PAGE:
Futures remain choppy

Feb 10, 2012
by WLJ

A weekend of winter weather delayed trade in some areas last week, with Midwest feedlot operators spending much of their time cleaning up after a heavy moisture front moved over the Rockies and onto the Plains, bringing with it heavy snows to the north and beneficial rain to the south. Along with the weather, other outside influences continue to impact cattle futures, but cash cattle prices are finally coming closer with a compromise as the bid/ask margin narrows.

Last week saw packers bidding $122 against $126-127 asking prices, while the cash fed cattle remained slow, with the best bids by midweek at $121 live going unmatched against feeder offering prices of $126-127 live and $2.03-2.05, according to Troy Vetterkind with Vetterkind Cattle Brokerage.

The last two weeks have seen the packing industry cutting kills and becoming more stubborn in the weekly haggle as they insist they can no longer pay over $200 for dressed carcasses when Choice boxes are valued just over $180.

April cattle closed slightly higher last Wednesday after choppy and two-sided trading as the market found support from higher beef prices this week, a lower U.S. dollar and economic optimism, according to Chicago Mercantile Exchange reports.

“Cattle futures settled mixed [Wednesday] but with a bullish bias. The bull spreads were performers yesterday with Feb/April and April/June leading the charge higher on good volume,” Vetterkind said. The reason for the advance included a cattle kill running 8,000 head above the previous week, he added.

“The beef has been higher all week but spot sales volumes remain light and probably won’t pick up until late in the week,” Vetterkind said, referring to last week’s markets on Thursday. “Unless the futures break hard today or tomorrow, which seems unlikely at this point, it looks like a steady/higher cash fed cattle trade is in the cards,” he added.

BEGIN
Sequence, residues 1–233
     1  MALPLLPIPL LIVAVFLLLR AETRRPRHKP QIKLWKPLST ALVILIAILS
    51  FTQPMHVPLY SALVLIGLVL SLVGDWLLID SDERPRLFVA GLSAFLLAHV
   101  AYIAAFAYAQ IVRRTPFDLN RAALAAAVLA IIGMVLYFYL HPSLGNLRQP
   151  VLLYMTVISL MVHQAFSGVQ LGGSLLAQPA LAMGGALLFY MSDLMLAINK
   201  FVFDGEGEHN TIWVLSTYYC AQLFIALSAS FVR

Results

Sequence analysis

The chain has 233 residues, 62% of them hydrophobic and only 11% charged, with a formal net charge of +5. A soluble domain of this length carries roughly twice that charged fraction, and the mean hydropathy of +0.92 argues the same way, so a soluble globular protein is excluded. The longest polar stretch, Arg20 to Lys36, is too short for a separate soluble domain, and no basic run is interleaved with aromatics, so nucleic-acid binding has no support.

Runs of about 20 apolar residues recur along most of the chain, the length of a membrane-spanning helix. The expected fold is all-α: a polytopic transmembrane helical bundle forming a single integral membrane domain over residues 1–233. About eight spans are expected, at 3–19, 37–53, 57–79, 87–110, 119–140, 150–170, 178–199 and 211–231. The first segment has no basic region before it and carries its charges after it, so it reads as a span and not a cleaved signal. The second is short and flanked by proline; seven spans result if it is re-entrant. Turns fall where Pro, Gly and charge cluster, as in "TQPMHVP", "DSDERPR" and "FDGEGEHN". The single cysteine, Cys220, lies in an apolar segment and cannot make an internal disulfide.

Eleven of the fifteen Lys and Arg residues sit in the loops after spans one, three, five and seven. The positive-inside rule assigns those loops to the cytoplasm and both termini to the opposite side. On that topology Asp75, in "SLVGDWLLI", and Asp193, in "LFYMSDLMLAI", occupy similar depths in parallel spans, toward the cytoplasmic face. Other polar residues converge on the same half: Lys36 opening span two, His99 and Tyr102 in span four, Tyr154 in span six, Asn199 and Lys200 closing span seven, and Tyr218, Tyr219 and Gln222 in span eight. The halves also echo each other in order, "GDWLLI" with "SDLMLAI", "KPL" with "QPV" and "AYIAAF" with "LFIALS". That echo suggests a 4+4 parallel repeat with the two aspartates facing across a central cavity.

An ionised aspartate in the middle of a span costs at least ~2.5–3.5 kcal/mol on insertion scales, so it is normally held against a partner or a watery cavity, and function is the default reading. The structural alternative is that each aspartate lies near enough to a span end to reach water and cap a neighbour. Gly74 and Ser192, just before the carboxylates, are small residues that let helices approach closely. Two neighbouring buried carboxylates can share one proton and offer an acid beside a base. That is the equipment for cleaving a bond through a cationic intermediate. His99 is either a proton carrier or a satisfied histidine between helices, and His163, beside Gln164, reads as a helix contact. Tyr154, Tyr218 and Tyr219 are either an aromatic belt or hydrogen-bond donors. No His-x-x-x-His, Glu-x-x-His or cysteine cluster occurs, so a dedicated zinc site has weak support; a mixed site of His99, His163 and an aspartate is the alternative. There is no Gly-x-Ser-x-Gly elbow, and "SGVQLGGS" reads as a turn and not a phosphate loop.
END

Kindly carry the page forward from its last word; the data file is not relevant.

Boxed beef prices continued to work higher, with stronger middle meats dictating prices. The Choice cutout was quoted at $186.50 and Select at $181.50. The spread was quoted at $5.

Boxed beef cutout values were up 79 cents at midsession on Wednesday and closed 88 cents higher at $186.56. This was up from $184.27 from the prior week and is the highest beef market since Jan. 12.

“Spot sales volumes remain a little on the light side, but it does seem like there is some business being done forward. The undertone for end meats is a little sloppy yet as retail buyers don’t want to take on any extra inventory at current price levels. Boneless beef markets are mixed with higher cow 90’s and lower fed cattle 50’s. The 90’s are higher on lighter cow kills and the 50’s are steady/ softer on lighter grinding demand. I would still look for a firmer tone to the cash beef market going into [this] week with middle meat procurement coming into center stage,” Vetterkind said.

Beef packer margins were a negative $87.15 last Monday, down slightly from Friday’s negative $83.65 per head, but an improvement from a week ago’s negative $106.50, according to Hedgersedge.com.

“Packer margins are still in tough shape, but I don’t think that is going to matter as the market or “powers that be” smell the blood in the water and any hint that there is beef business being done, whether it’s here or abroad, and these guys are going to persistently run the futures higher and hurt those that are not hedged or don’t have coverage in the cash,” Vetterkind said.

Slaughter on Wednesday was 120,000 head, which was lower than market expectations. This brought the midweek total to 371,000 head, up from 363,000 the previous week at the same time but down from 373,000 a year ago.